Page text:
COVID-19 may very well be a call-to-action for anyone who has ever been interested in self-sufficiency. The first thing to come to mind when preparing for an emergency is food. One of the greatest achievements of modern history is the industrialization of the food process, however, during these times we have seen a shockwave through the global economies and have witnessed how quickly food can become scarce during a crisis. And the implications of COVID-19 outbreak starting in a live food market puts more worry on how we buy our food and where it comes from.
Another unfortunate impact we have seen from COVID-19 is on labor. A lot of people were left without jobs and nothing to fall back on. This is where it becomes important to have a safety net; savings to fall back on, and additional sources of income. If there has ever been a time to learn a new set of skills and start a home-based business it is now.
What Are My Options for Self-Sufficiency During the Pandemic?
Due to supplies and work restrictions, it might not be the easiest time to install solar panels, although that depends more on where you live. Still, during a pandemic, the biggest focus for self-sufficiency, should be food. We’ve all seen the pictures of empty aisles in supermarkets and have probably had to deal with the inconvenience of our favorite foods not being in stock during this crisis.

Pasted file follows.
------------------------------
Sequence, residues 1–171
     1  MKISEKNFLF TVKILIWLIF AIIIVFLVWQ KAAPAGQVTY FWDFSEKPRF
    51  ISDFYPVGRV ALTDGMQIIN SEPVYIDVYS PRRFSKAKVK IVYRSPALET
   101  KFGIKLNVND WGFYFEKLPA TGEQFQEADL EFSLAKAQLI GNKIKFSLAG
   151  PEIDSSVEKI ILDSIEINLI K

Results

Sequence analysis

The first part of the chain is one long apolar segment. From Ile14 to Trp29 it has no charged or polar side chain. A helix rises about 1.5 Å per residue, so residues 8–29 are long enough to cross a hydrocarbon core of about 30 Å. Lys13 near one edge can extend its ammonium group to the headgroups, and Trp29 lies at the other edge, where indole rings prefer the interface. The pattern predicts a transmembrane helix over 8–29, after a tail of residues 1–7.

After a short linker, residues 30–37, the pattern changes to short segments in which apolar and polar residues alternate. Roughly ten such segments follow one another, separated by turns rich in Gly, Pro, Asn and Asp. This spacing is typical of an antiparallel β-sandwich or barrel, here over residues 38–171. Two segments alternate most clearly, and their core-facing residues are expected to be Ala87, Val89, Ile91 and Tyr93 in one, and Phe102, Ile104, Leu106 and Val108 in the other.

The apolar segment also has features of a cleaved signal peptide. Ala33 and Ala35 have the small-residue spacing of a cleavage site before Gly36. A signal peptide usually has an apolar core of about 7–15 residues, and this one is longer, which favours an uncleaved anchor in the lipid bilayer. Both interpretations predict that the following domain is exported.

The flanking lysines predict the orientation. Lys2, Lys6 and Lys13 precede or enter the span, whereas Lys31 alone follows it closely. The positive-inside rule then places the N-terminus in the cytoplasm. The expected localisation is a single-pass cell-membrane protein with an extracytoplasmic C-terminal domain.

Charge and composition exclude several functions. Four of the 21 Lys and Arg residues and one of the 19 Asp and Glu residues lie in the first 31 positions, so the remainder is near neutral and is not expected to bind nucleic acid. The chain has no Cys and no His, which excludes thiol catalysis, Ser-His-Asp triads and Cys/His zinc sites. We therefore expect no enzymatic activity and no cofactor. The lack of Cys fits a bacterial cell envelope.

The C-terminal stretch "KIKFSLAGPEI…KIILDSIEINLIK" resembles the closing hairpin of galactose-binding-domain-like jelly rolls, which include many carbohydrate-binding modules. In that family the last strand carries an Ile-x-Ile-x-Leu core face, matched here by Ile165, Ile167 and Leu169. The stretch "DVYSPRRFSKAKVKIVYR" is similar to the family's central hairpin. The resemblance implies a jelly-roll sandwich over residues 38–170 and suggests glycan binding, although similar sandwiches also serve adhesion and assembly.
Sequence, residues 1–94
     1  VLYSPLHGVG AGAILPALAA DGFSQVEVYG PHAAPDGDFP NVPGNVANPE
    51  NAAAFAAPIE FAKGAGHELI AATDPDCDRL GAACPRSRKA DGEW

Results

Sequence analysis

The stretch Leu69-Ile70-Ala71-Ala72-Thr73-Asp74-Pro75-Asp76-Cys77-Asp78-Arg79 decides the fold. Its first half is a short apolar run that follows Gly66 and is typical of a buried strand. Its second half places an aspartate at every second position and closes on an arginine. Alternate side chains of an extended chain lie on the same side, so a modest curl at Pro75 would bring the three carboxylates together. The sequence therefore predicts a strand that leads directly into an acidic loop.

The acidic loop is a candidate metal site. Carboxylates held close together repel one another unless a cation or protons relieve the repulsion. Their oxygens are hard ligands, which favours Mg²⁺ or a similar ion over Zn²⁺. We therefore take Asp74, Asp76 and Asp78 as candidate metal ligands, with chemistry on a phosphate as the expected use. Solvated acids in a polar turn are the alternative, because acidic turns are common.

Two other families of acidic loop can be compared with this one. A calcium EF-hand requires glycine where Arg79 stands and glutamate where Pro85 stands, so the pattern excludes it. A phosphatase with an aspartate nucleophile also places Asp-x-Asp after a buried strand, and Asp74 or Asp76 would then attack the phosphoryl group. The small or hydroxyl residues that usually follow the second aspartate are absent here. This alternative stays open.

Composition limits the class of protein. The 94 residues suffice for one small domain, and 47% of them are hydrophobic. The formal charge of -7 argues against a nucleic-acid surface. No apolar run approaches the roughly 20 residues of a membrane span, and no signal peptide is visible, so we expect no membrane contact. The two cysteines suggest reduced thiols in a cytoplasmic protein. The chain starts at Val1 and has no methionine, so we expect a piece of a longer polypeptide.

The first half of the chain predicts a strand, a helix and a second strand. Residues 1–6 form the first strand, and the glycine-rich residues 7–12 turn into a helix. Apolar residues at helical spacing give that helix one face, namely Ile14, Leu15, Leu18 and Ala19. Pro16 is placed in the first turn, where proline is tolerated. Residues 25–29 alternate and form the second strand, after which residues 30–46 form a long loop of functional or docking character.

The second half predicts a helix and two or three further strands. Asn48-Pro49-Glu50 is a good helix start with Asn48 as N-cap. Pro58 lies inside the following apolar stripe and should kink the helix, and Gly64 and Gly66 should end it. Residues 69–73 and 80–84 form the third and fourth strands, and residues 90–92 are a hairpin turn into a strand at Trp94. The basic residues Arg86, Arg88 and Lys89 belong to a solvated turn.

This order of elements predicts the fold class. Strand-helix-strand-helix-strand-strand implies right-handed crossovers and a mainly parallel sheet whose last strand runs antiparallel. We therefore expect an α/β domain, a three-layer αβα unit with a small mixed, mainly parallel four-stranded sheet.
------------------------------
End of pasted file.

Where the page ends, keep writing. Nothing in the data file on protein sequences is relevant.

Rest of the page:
Even during normal times, it is very sensible to become less reliant on the need to buy fresh produce. And if you can figure out a way to earn money from home during this pandemic, you can lessen the impact the global economic crisis will have on you.
From Your Garden to the Kitchen
The great thing is that to get started, if you plan things well, you can begin growing a garden with a small amount of space and a small investment. Since the pandemic started many supply stores have reported an increase in seed and supply sales, especially in places like New York where many people have taken to gardening on their balconies.
Conventional wisdom holds that you need at least five acres of land to grow enough food to feed a family of four. The reality is that today you can get by with much less land and still be fully self-sufficient for food. With the right setup, a couple could grow enough food on as little as a quarter-acre. The difference between the traditional wisdom and our current reality is technology. Specifically, things like hydroponics, aquaponics and aeroponics. This will also make your self-sufficient setup into a self-sustaining setup which will last.
What is Hydroponics?
Hydroponics refers to a system of growing which eliminates the use of soil, and instead uses gravel, sand or water as a medium. The watering process is more fluid and the nutrients are supplied through fertilizers in the water.
What is Aquaponics?
Aquaponics is a subset within hydroponics. Basically, it’s taking the hydroponics system just a step further in self-sustainability. Whereas a regular hydroponic system is connected to a water tank, the aquaponic system is connected to a fish tank. The plants provide a filtration system for the water for the fish and the fish reciprocate by providing nutrients for the plants.